Volume:9, Issue: 2

Sep. 30, 2017

Articles by #getArticle.ind_name#
Unintended Influence: How the Teacher Candidate’s Beliefs about Student Achievement are Impacted by the Mentor’s Language and Context
Heiney-Smith, Jill R. [about]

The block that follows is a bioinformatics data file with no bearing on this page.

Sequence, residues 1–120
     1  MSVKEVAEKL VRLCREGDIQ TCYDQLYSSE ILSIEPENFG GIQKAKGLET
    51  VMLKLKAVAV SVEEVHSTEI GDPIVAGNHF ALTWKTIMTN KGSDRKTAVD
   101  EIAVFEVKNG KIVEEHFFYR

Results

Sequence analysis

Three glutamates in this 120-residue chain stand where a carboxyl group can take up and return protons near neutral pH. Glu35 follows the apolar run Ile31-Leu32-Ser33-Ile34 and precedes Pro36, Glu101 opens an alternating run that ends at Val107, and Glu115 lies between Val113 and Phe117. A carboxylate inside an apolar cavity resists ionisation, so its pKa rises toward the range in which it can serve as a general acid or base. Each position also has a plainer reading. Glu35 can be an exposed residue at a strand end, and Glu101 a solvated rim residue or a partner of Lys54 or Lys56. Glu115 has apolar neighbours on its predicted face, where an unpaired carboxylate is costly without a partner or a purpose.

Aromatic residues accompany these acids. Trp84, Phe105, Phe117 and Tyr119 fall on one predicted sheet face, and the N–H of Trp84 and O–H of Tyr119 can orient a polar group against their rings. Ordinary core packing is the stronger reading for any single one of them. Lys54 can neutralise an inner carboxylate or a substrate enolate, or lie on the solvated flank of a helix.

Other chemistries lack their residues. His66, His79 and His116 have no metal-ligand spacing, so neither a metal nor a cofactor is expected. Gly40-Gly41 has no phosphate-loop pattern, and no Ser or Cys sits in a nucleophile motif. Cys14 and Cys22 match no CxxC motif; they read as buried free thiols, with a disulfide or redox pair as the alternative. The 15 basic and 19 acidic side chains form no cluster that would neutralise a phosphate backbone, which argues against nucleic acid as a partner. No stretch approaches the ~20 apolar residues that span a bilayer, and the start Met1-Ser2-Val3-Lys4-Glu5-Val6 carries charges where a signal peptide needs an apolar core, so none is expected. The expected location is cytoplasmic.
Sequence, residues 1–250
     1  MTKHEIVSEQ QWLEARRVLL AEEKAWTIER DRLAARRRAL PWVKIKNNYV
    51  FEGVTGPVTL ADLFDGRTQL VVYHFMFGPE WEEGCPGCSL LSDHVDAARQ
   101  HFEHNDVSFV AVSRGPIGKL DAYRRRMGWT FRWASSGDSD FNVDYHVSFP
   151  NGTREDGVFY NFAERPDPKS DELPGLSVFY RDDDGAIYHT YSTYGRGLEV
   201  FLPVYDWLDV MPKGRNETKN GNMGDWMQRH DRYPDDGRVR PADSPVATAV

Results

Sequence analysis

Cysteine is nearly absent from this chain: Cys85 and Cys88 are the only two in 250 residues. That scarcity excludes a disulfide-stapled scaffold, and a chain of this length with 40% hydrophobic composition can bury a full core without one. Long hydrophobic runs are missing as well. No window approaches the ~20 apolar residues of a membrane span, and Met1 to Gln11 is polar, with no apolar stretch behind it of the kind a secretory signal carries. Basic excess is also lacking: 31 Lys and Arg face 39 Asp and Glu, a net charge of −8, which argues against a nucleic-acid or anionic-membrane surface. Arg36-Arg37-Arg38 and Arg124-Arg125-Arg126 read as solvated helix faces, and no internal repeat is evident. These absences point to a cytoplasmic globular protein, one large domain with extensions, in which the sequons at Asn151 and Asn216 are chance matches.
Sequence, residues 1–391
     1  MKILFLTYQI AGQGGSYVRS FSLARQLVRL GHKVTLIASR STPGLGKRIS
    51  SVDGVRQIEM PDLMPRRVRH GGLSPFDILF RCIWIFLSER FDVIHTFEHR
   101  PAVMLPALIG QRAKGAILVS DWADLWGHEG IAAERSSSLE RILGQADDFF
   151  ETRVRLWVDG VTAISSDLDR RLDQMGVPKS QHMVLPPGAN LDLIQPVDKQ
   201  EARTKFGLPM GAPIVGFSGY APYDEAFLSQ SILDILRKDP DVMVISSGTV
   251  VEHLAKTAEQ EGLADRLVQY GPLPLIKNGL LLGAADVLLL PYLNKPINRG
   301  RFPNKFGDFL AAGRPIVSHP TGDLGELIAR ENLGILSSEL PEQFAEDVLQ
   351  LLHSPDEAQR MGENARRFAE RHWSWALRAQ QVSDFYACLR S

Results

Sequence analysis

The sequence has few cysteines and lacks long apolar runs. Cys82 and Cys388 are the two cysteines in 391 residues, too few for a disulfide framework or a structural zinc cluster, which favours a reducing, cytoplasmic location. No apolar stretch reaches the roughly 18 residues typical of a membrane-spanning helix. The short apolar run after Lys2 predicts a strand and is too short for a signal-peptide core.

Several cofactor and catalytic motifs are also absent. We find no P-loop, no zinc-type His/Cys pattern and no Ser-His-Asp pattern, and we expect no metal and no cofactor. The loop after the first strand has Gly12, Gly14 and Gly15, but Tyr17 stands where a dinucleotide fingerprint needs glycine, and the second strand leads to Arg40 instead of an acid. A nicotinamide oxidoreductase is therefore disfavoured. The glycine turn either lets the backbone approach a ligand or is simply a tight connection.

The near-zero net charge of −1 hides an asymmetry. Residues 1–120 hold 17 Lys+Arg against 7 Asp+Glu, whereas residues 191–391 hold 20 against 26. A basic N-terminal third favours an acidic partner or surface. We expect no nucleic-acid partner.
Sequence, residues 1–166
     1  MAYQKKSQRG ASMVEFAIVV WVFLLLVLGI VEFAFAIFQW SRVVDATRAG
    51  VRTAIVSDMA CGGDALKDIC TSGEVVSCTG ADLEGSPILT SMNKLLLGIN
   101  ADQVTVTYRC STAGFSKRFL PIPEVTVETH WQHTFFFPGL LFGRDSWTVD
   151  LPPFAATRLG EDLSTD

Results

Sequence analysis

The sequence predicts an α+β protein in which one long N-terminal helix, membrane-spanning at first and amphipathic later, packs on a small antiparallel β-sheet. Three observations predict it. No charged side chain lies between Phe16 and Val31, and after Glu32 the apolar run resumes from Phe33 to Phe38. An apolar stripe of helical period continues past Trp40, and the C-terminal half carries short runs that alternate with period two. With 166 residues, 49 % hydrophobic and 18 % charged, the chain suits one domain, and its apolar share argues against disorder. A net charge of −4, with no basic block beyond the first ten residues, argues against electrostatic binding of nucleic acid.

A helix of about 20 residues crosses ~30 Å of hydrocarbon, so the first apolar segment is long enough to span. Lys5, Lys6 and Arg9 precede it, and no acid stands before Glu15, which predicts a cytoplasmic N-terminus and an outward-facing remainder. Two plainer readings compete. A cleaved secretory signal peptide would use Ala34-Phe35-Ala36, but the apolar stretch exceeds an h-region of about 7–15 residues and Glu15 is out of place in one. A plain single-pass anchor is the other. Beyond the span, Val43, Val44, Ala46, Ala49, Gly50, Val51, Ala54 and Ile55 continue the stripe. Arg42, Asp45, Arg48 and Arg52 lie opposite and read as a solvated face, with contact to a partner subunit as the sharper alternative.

Regardless of the program, the grade level and content, and even the school itself, the student teaching practicum is inarguably influential in the development of the novice teacher. Teacher Candidates (TCs) project their need for synthesis of theory and practice onto their mentor, dreaming of a match in personality, pedagogical approach and communication style. The mentor signs up for a variety of reasons, including the desire to “pay it forward” and, according to an unpublished ongoing study, for their own professional development (Heiney-Smith & Denton, 2015). The mentor and candidate may inhabit different contexts that shape their identities and influence their beliefs about students, yet during student teaching, the TC must assume the mentor’s. Habitual norms such as the way a mentor speaks and listens to students, the labels used both officially, such as for instructional blocking, and unofficially, such as during the post-instruction casual reflection, can be especially crucial when concerning the candidate’s ability to build a culturally responsive learning environment that is authentic to his or her own lived experience. Teacher candidates learn to privilege the progressive ideals of educators such as John Dewey (1859-1952) or Lev Vygotsky (1896-1934), and are even placed in contemporary classrooms that feature child-centered learning environments and democratically derived classroom norms. Their learning would be further emboldened by studying other famous European educators including Pestalozzi (1746-1827), Korczak (1878-1942) and Sukhomlinsky (1918-1970). However, these holistic educators’ deep commitments of student-directed inquiry, creativity, and combined psycho-social learning are curiously absent from mentoring programs in teacher education, which demand that students meet competency and outcomes-based standards devised by the states in which they seek certification. Requirements aside, mentor teachers are arguably the most critical factor in influencing the developing belief systems of the TC.

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